Akshitha Sriraman’s research bridges computer architecture and software systems, with a focus on making hyperscale data center systems more efficient, sustainable, and equitable via solutions that span the systems stack. Her work has developed the software and hardware foundations of hyperscale data center systems that support modern web services, such as web search, video streaming, and online healthcare. Her past work on systematically designing data center hardware for the hyperscale era by efficiently using existing hardware and carefully designing new hardware, i.e., accelerators, has improved the efficiency of real-world data centers that serve billions of users, saving millions of dollars, and meaningfully reducing the global carbon footprint. Using her prior research as a supporting pillar, Sriraman is defining the next generation of research that tackles the daunting problem of building efficient web systems in a way that is also socially responsible through bold, holistic system design approaches. She is introducing cross-stack solutions to improve the efficiency of web systems in a socially responsible manner by improving (1) sustainability, to reduce web systems’ effects on anthropogenic climate change, and (2) equity, to identify and minimize inequities (e.g., demographic biases) in existing web systems and to design new web systems that elevate the lives of historically underserved rural communities. In addition to her research, Sriraman is dedicated to increasing the participation of underserved students in science and engineering and has developed strategies to increase the ratios of students from underserved communities and ensure their retention.

Dan Congreve

Assistant Professor, Electrical Engineering
Stanford University

Professor Congreve engineers nanoscale systems to solve challenging problems, with a particular focus on materials and devices to control light and energy. Using these nanomaterials, Congreve is developing next generation volumetric 3D printers that could be used for advanced manufacturing of batteries, photonic systems, 3D lithography, and other high-throughput, high-resolution applications, building on his research recently published in Nature. He further aims to develop next generation light emitters utilizing perovskite nanomaterials, both in LED and lasing modalities, which could open new designs in sensing and communications, and he is working to further understand how these material systems could be used in devices including photovoltaics, transistors, and memory. Finally, he is investigating how photon energy conversion could drive innovations by increasing the spectral window for sensing, biological, cryptographic, and photochemical applications.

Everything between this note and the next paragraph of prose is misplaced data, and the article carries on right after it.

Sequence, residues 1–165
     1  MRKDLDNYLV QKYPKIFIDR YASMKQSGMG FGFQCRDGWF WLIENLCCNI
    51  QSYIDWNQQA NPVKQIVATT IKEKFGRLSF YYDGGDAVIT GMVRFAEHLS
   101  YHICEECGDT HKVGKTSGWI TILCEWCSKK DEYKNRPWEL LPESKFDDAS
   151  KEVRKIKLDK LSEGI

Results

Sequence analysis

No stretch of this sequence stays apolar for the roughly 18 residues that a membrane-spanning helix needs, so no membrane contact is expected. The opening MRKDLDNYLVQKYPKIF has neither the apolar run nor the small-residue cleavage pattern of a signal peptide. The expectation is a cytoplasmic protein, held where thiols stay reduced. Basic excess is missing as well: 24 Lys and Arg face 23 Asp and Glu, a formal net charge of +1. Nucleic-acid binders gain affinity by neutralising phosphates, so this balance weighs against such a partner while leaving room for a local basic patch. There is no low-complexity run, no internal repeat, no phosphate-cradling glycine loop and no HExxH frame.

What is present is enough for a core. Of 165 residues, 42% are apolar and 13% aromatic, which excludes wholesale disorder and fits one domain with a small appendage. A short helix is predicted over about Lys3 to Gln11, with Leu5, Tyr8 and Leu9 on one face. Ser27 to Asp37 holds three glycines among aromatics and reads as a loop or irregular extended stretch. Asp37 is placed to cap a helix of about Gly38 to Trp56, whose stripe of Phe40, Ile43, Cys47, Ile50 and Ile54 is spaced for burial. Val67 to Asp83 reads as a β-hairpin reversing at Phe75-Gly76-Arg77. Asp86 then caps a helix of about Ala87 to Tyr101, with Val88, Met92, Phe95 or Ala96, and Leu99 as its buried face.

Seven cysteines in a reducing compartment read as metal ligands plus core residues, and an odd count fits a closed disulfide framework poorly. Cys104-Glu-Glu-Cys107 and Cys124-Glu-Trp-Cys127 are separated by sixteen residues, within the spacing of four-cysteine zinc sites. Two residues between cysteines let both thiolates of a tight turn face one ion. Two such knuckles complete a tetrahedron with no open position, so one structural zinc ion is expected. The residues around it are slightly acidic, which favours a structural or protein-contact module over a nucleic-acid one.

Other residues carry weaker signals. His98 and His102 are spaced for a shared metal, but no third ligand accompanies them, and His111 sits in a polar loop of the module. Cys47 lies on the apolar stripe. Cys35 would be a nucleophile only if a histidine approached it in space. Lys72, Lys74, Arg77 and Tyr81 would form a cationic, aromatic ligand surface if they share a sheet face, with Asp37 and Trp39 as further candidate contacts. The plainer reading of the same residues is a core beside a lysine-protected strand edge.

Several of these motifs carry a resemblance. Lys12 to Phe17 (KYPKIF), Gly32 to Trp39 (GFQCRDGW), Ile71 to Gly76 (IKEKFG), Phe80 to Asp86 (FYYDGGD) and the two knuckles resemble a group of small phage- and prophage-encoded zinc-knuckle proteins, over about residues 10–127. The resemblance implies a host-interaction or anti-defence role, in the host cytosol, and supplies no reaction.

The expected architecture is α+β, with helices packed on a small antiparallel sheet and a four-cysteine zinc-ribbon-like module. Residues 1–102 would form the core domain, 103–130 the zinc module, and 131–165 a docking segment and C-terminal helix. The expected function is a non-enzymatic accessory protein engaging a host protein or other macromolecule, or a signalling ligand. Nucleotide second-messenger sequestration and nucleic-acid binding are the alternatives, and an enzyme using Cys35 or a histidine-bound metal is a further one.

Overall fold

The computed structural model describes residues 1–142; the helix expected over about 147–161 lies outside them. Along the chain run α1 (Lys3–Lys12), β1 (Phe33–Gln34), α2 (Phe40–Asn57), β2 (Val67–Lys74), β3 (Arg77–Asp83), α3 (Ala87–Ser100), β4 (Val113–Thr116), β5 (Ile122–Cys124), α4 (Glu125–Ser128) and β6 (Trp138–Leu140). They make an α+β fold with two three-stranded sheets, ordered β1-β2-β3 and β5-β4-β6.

Mahmood Sharif

Assistant Professor, Computer Science
Tel Aviv University

Machine-learning (ML) algorithms enable transformative technologies (e.g., face recognition, cancer diagnosis, and autonomous driving), and are becoming increasingly ubiquitous in computer systems. Still, introducing ML algorithms into systems may potentially cause harm. For example, ML may increase the attack surface of computer systems. Indeed, adversarial examples – slightly but strategically perturbed variants of benign inputs to mislead ML models – pose a profound challenge to ML integrity. The deployment of ML also raises critical concerns related to data privacy, the extent to which we can explain systems’ decisions, and potential discriminatory treatment of individuals. Sharif’s work studies the trustworthiness of ML systems from multiple angles, with the aim of enabling trustworthy deployment of ML, such that society would be able to reap the benefits of ML while minimizing harm.

Callie Hao

Assistant Professor, Electrical and Computer Engineering
Georgia Institute of Technology

Professor Hao's groundbreaking work on the very first Deep Neural Network (DNN) and Accelerator co-design methodology (DAC’19) has had a significant impact on the research community. This research has been followed by several subsequent efforts, establishing the concept of true simultaneous co-design by merging algorithm and accelerator design spaces. Furthermore, Dr. Hao's research encompasses a comprehensive and practical study of general Graph Neural Network (GNN) and dynamic GNN architecture design and automated compilation. Hao’s studies mark pioneering efforts in the field, with the added distinction of providing publicly available source code that has been validated on actual FPGAs. Her proposed GNN architecture has garnered significant interest from scientists in High Energy Physics (HEP), who require a nano-speed GNN accelerator on FPGA for their particle detection experiments.

Owolabi Legunsen

Assistant Professor, Computer Science
Cornell University